When I was diagnosed with what used to be called Asperger’s Syndrome in the third grade back in 2002, autism was not well-known. My parents had noticed some quirks when I was a toddler, such as the very common autistic behavior called arm-flapping. When a person on the autism spectrum
flaps their hands and arms, it means they are releasing energy from their overstimulated brains in response to sensory overload
. After I was diagnosed, I was enrolled in Speech Therapy to learn the social skills that non-autistic people know innately.
I learned how to socialize out of an educational social skills book, because when it comes to people that are higher-functioning on the spectrum, they can learn the skills necessary to function in a communication-oriented society. It takes years of hard work, discipline and practice, depending on one’s diagnosis. I was in Speech Therapy from grades 3 to 12, and it was a long road to teach me the skills. My Speech Therapist would often remark to me that I would look at the ceiling behind her instead of at her, which goes along with the symptom of
struggling with proper eye contact in a conversatio
n. As far as the arm-flapping is concerned, it is sometimes considered an abnormal hand mannerism, so people on the spectrum are taught to self-control it and find a more socially acceptable way to release their energy. I have learned to self-control the arm-flapping over the years, having been suggested to do it in the privacy of my own home rather than in public.
My parents have told me that I have progressed through that issue, and other symptoms I showed for several years. One of those issues was only talking about myself and my specialized area of interest,
one of the main symptoms people on the spectrum cope with
, for years. My specialized area of interest is professional wrestling, which I could talk about for hours on end. I’ve been taught to talk about other topics too, which makes it easier for me to form friendships. To the non-autistic population, it is common knowledge that friendship is a two-way street and that back-and-forth conversations are vital to forming relationships. People on the spectrum have a harder time recognizing those aspects of social skills and putting them into practice, which is where it can be harder for them to form friendships.
At the beginning of high school, I was still dealing with self-esteem issues from being teased in junior high, so it was harder for me to see that my peers were attempting to get me out of my shell. That changed in the middle of my junior year when I was included in a nice stretch limousine for my Junior Prom. I went to this prom as a single with many couples, and I discovered that night that perhaps I had more friends than I initially realized. I was still in Special Education, but that did not stop my peers from befriending me. I graduated from high school to a loud ovation, which I appreciated because it showed me that I was well-liked after all. After high school, I attended a community college where I began making more friends and developing my self-esteem. I still had some social awareness issues, but they were not enough to deter my progress.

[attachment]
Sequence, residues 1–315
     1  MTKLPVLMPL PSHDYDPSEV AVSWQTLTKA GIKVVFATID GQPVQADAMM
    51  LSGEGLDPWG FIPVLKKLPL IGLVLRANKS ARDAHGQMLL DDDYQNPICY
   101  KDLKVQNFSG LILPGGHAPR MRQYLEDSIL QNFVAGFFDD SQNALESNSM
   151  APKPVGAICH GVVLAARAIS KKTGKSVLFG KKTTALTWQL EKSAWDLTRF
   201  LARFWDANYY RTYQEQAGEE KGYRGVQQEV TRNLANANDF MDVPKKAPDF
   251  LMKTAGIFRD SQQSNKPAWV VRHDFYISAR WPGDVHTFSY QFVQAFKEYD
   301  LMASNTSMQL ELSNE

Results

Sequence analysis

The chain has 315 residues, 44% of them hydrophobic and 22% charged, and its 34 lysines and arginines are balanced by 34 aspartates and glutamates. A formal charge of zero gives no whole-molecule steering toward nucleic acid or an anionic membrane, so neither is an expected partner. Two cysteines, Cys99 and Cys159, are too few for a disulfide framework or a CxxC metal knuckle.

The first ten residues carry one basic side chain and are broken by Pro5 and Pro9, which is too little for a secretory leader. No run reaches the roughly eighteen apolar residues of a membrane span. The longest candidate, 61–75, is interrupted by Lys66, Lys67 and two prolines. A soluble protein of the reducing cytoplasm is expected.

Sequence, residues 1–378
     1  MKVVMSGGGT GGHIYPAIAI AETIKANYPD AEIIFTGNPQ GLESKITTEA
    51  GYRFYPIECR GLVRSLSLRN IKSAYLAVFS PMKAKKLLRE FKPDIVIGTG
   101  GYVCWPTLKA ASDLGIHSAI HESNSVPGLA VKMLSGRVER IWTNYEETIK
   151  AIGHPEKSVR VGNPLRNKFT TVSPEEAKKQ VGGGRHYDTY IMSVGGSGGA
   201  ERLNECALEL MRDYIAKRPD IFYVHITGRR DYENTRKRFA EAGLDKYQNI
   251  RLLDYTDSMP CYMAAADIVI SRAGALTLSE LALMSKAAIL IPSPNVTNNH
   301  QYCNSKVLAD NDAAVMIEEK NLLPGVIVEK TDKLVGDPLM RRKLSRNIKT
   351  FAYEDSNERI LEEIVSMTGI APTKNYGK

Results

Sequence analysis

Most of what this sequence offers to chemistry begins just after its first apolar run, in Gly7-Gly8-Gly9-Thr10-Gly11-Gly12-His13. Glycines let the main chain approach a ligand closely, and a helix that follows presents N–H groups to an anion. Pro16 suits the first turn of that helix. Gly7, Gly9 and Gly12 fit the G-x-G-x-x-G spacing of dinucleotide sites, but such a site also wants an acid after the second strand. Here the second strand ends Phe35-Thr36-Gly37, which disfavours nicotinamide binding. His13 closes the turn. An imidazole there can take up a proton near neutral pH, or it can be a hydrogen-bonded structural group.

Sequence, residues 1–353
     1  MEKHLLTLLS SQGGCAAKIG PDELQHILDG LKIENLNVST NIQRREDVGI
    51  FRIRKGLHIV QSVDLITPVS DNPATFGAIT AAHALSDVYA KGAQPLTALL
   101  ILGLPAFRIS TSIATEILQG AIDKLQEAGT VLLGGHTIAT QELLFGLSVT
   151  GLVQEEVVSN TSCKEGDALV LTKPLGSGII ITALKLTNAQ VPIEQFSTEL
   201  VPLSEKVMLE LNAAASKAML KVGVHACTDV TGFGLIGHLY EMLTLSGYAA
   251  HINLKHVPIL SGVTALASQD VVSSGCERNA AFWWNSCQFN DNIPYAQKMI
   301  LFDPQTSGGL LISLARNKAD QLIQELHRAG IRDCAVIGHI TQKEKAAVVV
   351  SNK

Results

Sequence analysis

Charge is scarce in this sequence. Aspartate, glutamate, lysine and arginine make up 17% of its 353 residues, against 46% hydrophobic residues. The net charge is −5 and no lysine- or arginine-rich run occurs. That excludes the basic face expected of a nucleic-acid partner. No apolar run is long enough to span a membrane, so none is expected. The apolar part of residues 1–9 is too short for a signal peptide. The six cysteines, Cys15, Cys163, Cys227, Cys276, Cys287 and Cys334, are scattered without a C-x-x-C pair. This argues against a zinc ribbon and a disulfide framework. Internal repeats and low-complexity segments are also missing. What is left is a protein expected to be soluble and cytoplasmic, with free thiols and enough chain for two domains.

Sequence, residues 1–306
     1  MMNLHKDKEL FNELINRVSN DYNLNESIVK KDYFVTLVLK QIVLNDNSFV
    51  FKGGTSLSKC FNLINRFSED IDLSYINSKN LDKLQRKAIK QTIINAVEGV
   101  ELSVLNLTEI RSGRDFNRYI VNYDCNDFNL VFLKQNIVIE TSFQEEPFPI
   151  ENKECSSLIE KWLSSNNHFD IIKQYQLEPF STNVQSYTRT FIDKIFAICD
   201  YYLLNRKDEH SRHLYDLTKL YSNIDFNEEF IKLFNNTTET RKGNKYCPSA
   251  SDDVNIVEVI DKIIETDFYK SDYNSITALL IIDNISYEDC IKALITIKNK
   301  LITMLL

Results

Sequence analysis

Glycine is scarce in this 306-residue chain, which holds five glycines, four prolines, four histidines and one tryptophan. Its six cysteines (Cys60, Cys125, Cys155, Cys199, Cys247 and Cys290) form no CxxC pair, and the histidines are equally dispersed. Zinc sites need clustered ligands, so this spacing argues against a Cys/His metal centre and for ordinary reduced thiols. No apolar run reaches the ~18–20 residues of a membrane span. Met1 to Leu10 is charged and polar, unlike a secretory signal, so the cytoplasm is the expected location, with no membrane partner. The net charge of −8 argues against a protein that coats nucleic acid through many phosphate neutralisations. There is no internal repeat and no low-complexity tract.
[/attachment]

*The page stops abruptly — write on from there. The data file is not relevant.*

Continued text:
After graduating from a community college, I transferred to a four-year college as a resident student. After I moved into the dorm I lived in for my first semester, I met some guys that played for the college’s lacrosse team that changed my perception of myself as far as my social capabilities are concerned. I started realizing that I did not have to define nor label myself as just an autistic person. It is within me, but I can make it a positive if I present it that way. Over the next two years, I made it my mission to be social around campus to prove a point and get the chip off my shoulder; I may be on the autism spectrum and a little quirky, but why can’t I make friends anyway? I did make friends and I ended up earning the 2015-2016 “Resident of the Year” Award from this college. I graduated in 2017 with a Bachelor of Arts in Communication, which I am very humbled and honored to have accomplished.
I am very interested in representing people on the autism spectrum because I remember what it was like to be misjudged for a long time and feel as if I am inferior to non-autistic people. I know now that is far from the truth and I will be liked for who I am. There has yet to be a cure discovered for autism, so I have accepted that I will always be on the spectrum and that is okay with me. I think I should like myself the way I am.
Michael Westwood is a 25 year old college graduate from Curry College in Milton, Massachusetts with a Bachelor of Arts in Communication. Independent of being a contributor to Step Up, he is looking to pursue a career in professional writing of some type. His hobbies include watching professional wrestling (e.g. WWE and other promotions) and watching select TV sitcoms from today’s television (e.g. Big Bang Theory, The Goldbergs) and classic programs as well (e.g. Seinfeld, Frasier, Everybody Loves Raymond). He also has an ongoing online forum designed to inform people about the autism spectrum called “Ask Mike,” which is part of an autism awareness group called All 4 Autism, which is based in Florence, South Carolina.